Medical identity theft could cost you your life
Medical identity theft targets nearly 2 million AmericansPlay Video
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Imagine being rushed to the hospital with appendicitis, but your medical chart – unbeknownst to you – shows that your appendix has already been removed. That confusion could delay treatment.
What if your blood type is different from what’s in your medical file? Or maybe you have severe drug allergies, but the records have been changed and now show you don’ have any?
This is what can happen to victims of medical identity theft – a rapidly-growing problem that relatively few people know about it.
Medical identity theft takes place when someone uses your name and personal identifying information to receive medical services, devices and/or prescription drugs.
“It’s an insidious crime and the consequences can be deadly,” said Robin Slade with the Medical Identity Fraud Alliance (MIFA). “This fraud causes your medical records to get contaminated by the perpetrator’s medical information, so it could literally kill you.”
And this crime is on the rise – up 20 percent within the last year, according to a new national survey from the Ponemon Institute which specialized in privacy issues.
“We don’t think this is an anomaly,” said chairman Dr. Larry Ponemon. “We think this crime is becoming more popular with criminals because a medical record is actually more valuable than other forms of personally identifiable information, like a credit or debit card record.”
This study, conducted by Ponemon for MIFA estimates that nearly two million Americans have become victims of this crime. They will spend more than $12 billion in out-of-pocket expenses this year alone to deal with the consequences of their compromised medical or insurance files.
With most forms of identity theft, you realize you've been the victim fairly quickly. It doesn't take long to discover that a thief stole your credit card number and went on a shopping spree.
Medical identity theft, like an undetected tumor, can grow without your knowledge.
“It may be years or decades later that you find out that your medical record has changed, putting you a great peril,” Poneman told me.
And that discovery can come as quite a shock.
Nikki Gordon was 17 when she tried to donate blood at her high school in Portland, Ore., and was turned away because her medical records erroneously showed she had AIDS.
“I was flabbergasted,” she told me. “And my mother was irate.”
Gordon knew she did not have AIDS and pushed for an explanation. Eventually, she was told that someone in California with the disease had used her Social Security number for treatment.
A blood test proved Gordon did not have AIDS, but it took a great deal of work over the course of many years to get her records corrected.
“With life insurance and health insurance and all of those things, if that false information ever got out, it could potentially be very damaging,” she said. “I got lucky; this could have gone in a very different direction.”
Victims sometimes help the perpetrators
Another key finding of this study: some “victims” of medical identity theft aren't victims at all.
In fact, a third of the medical identity theft victims in this survey said they knowingly gave their personal medical information to a family member, relative or friend who needed medical treatment they could not afford.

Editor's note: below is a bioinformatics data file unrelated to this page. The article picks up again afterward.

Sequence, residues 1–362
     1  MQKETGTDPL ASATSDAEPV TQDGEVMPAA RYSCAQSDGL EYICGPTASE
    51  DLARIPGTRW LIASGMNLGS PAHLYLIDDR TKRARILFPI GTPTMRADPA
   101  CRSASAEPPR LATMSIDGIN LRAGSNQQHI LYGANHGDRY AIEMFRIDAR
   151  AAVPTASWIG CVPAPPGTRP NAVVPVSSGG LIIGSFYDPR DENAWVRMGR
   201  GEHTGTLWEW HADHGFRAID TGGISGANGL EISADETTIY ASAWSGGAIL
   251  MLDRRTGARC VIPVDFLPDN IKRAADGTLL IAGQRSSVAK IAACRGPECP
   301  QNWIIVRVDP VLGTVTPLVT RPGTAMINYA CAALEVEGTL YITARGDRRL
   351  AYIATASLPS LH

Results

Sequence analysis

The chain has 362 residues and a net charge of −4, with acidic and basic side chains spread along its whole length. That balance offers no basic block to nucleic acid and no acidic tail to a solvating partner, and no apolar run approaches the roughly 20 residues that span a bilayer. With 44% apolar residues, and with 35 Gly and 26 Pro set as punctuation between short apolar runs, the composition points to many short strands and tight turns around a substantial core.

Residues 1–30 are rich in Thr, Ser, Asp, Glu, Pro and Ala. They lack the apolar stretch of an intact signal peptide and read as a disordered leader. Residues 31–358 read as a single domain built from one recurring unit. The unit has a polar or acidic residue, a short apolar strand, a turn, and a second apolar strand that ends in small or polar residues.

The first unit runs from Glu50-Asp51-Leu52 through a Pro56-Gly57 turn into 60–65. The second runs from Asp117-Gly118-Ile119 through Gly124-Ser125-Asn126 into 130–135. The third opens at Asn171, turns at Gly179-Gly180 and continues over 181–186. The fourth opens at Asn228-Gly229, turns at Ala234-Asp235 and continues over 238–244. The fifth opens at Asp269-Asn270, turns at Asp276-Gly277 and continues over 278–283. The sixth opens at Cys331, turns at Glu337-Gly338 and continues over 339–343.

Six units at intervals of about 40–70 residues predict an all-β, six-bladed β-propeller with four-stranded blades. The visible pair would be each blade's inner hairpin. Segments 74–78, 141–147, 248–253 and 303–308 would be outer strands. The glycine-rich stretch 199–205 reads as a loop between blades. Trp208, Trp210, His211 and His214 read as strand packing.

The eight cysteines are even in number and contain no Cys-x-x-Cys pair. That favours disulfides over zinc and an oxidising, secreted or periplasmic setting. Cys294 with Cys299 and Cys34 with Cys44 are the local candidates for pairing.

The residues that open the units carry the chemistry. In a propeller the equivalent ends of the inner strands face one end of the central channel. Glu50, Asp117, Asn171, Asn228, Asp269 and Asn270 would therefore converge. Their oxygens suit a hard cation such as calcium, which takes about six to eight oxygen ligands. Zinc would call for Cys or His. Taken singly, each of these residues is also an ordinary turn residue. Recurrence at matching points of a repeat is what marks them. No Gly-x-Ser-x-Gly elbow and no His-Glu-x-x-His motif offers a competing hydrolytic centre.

“Sharing medical credentials this way is not viewed as a crime by some, but rather as a good deed,” he said.
Of course, this “Robin Hood” mentality drives up the cost of health insurance for everyone. And it’s still fraud.
It’s going to get worse
Fraud experts say steps must be taken now to vaccinate the American people against this threat to their health. They predict the problem will get bigger as more people get health coverage under the Affordable Care Act and the use of electronic health records continues to grow.
“The ubiquitous shift to electronic storage of records in the medical industry, not just on electronic health records systems, but on medical devices and mobile apps as well, has resulted in greatly increased consumer vulnerability,” explained Eva Velasquez, president and CEO of the non-profit Identity Theft Resource Center (a member of MIFA). “These challenges are not insurmountable at this time, but we must unite to develop technologies, strategies and policies to ensure the safety of consumer data.”
There are things you can do right now to protect your personal health information:
- Review your Explanation of Benefits (EOBs). The EOB is the statement you get from your doctor or other medical provider whenever you make an office visit or receive treatment. Many people don’t double-check them, especially if their insurance is paying the bill. Ensure the doctors listed and services provided are accurate. If you find an incorrect item, even if no money is owed, contact your insurance company immediately.
- Obtain your “benefits request” annually. Your insurance provider can provide a list of all benefits and services paid in your name, which you can review to confirm all the services listed were received.
- Safeguard your insurance-related paperwork. Shred your Explanation of Benefits or file it in a secure location.
- Report lost or stolen health insurance identification cards. Alert your insurance carrier of misplaced, lost, or stolen cards to avoid unauthorized use.
- Be vigilant when providing your personal or insurance information. Be sure you’re dealing with a reputable healthcare provider. Be cautious when offered free medical services. Often fraudsters use this as a way to obtain your health information.
- Review your credit reports annually. You have a right to request a free annual credit report from each of the three credit bureaus. Check to see that your reports are free of any medical liens.